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The Impacts Of Florida Domestic Violence Crimes On Firearms Rights


An arrest on misdemeanor domestic battery charges will have serious, wide-ranging consequences for the mayor of Royal Palm Beach, Florida. The Miami Herald reported on November 14, 2017 that a protective order was entered by the judge overseeing the case, directing the man from having no contact with the victim. While the victim was not identified, Florida law defines the offense of domestic violence battery as the striking of a domestic partner, or family or household member. A conviction may lead to jail time, fines, and probation, but there are additional implications for the accused. State and federal law on firearms in the context of domestic violence charges will impact his legal rights in a number of ways.

Domestic Violence Convictions

Florida has not enacted legislation prohibiting a person from buying or possessing guns after a conviction on a domestic abuse misdemeanor. However, there is a law requiring officials to review the records of a convicted person where federal law bans the purchase of firearms. If the individual cannot pass a background check under federal law, he or she cannot buy a gun. The ban on possession or purchase extends for three years after the individual serves a jail sentence for a conviction or completes the terms of probation.

Protective Orders and Firearms

The subject of a domestic violence protective order is prohibited from buying or possessing guns while the order remains in effect. This mandate is intended to be consistent with federal law, which provides for a ban for abusers under a protective order. Florida law does require any protective order to include language stating that it’s unlawful for the respondent to possess firearms or ammunition.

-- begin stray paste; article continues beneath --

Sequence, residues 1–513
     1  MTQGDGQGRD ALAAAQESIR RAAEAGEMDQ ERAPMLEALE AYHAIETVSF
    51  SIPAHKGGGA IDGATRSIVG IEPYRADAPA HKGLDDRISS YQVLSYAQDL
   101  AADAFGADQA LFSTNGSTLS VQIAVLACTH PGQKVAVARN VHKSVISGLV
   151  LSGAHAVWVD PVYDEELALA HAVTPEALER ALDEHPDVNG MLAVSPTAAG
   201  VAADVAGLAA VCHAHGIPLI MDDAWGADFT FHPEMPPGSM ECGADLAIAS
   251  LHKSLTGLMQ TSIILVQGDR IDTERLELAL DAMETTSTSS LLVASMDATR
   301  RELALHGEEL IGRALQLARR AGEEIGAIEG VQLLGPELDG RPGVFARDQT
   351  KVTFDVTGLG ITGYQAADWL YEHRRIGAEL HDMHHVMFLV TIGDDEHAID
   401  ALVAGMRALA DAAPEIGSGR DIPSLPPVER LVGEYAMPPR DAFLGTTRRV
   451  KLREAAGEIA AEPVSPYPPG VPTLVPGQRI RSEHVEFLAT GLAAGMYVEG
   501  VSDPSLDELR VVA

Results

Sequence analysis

Protective Orders and Surrendering Firearms 

When a court issues a protective order in a domestic violence situation, a judge may direct the respondent to surrender firearms as part of the conditions of the order. Therefore, it would be a violation of law to refuse to turn guns over to police under such circumstances. Note that a judge isn’t required to include this type of provision in a protective order, so the issue is discretionary.

In addition, it’s important to understand that Florida does not allow law enforcement to forcibly remove firearms – even when a protective order directs surrender. There is no law authorizing or requiring the removal of guns at the scene of a domestic violence call.

Discuss Your Case with a Florida Domestic Violence Defense Attorney

Convictions and protective orders in domestic violence cases have serious implications beyond incarceration and fines. There are additional consequences that affect your right to possess and purchase firearms – plus, you’ll have a permanent criminal record and be forced to comply with Florida laws on registration as a sexual predator or offender. Considering these penalties, it’s critical to retain an experienced criminal defense attorney who is knowledgeable in domestic violence laws. If you’re facing charges related to domestic abuse, please contact the office of attorney Kevin J. Kulik in Fort Lauderdale. Our legal team can schedule a confidential consultation to discuss your defense options.



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